Herman: Dog days in the newsroom


From time to time I like to take you behind the scenes here at the Newspaper-by-the-Lake-That’s-Really-A-River. Today is one of those days. Lucky for you.

The two questions I get most from readers are (1) Please tell me how you folks produce the magic that is the newspaper and websites we are so blessed to have, and (B) Hey, Brooklyn boy — they pay you to write this stuff?

The answers are (1) A total, selfless dedication to the betterment of our community, and (B) No, they overpay me.

Today’s topic is an announcement at a recent staff meeting. Perhaps you’re aware these are times of great change and challenge for newspapers. At this recent meeting, we were updated on various upcoming changes, including the addition of our content to the Alexa device, which will give you an exciting new way to yell at us.

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And we heard about a new program aimed at keeping newsroom folks happy. You ever try to keep newsroom folks happy? Not easy. We’ve got good benefits, river/lakefront views and a bottomless candy drawer. Yet, somehow, not everybody in the newsroom seems happy each and every moment of each and every day. Go figure.

So management (and let’s stop here for the usual reminder that everybody in management here is brilliant) has come up with a new program. Turns out in addition to being brilliant, the management folks are kind to animals. At last some animals.

Employees with dogs — and only dogs — are being invited to bring them to work. I’m aware this is a thing in some businesses. It’s a new thing at this business that started in our sales department weeks ago. And there are rules, delineated in the “Bring Your Dog to Work Newsroom Guidelines and Acknowledgement” posted for our perusal.

These are good rules. (Management never makes bad rules.) Unfortunately, they include some rules for dogs that I fear some of my colleagues (including me on some days) would have trouble living up to.

Visiting dogs must be “up to date on vaccinations, flea and heart worm treatments (and have) been neutered.” (I’ll give you a few seconds here for your own joke about whether journalists should reproduce.) Dogs also must be “friendly, clean, housebroken and generally well-mannered.” (Hey, isn’t that the motto of the Dog Scouts of America?)

The guidelines remind us “Your co-workers are here to work, not pet sit. If you have a job in which you might be called away on assignments unexpectedly, don’t bring your dog to work.” We’re also reminded to “Respect that not everyone likes dogs.”

“If your dog doesn’t like strangers, don’t bring it to work. If your dog would be miserable sitting in an office all day, don’t bring it to work. There is no tolerance for biting.”

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And there’s a guideline reminding us that management, in addition to being brilliant and kind to (some) animals, has a wonderful sense of humor.

“You will be required to remove your dog from our premises based on excessive disruption to normal business operations, ex., barking, whining, too noisy, etc. That goes for the dog’s behavior, too.”

The program is limited to one dog at a time, no more than two dogs per day, no more than two days a week. That provides both challenge and opportunity for a colleague who asked me about his three dogs. I told him this could be an incentive: “Whichever of you behaves best doesn’t have to go to the newsroom.”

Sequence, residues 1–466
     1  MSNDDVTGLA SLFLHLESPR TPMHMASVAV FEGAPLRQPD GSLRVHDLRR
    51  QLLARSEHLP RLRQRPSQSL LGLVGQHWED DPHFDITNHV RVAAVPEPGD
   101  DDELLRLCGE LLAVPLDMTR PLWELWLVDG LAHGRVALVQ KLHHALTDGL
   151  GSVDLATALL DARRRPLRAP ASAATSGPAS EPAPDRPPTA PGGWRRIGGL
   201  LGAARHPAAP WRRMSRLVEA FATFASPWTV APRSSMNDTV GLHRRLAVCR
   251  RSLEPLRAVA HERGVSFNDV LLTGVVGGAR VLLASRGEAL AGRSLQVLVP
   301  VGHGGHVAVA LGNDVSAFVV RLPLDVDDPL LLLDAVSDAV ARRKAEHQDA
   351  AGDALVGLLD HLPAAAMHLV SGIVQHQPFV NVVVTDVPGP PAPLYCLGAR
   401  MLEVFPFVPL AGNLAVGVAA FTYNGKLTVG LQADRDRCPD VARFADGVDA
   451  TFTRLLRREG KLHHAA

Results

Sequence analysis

I assume flexibility might be shown for pooches that show writing talent, which will be judged on ruff drafts. Bird dogs will be allowed to tweet. (Oh, quit your groaning. You know how much worse this could have been?)

There’s also a “Newsroom Dog Days Feedback” form offered as a “safe space for you to offer your feedback on the bring your dog to work program.” One of the questions asks for feedback once the program’s underway, rating it on a scale of one to 10, with one being “Can’t stand it. It’s a drooly mess,” and 10 being “Love it. Best thing about the newsroom now.”

The new program seemed well-received at the meeting as visions of cute puppies danced in our heads. One guy did raise what I thought was an excellent question about equality: “Can we bring kitties?” I asked.

No, I was told. The program is species-specific. Doesn’t seem fair, does it? I think a bring-your-pet-to-work program would be far more interesting. I harbor suspicions about the odd pets some of my colleagues might have.

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To stave off email protestations, let’s make it clear that I like dogs. The only reason I’ve never had one is because they are annoying. Just kidding there.

The real reason I’ve never had one is because they seem like more of a commitment than I’ve ever been willing to make for a pet. They look like tons of fun, and I’d love playing with them at home and enjoying the somehow socially acceptable practice of taking them to a neighbor’s yard to do the messier things they do.

My family has had cats. Having a cat is relatively low maintenance and almost like having a pet. But I don’t think of myself as a cat person, with all its potentially negative connotations, including maturing into an Older American with 13 cats including one named Miss Snickerbottoms.

I’m looking forward to meeting my colleagues’ dogs. I’ll keep you posted on any incidents and those with the silliest names (the dogs, not the colleagues).

And I’ll give you full coverage if I see any kitties picketing outside the building.



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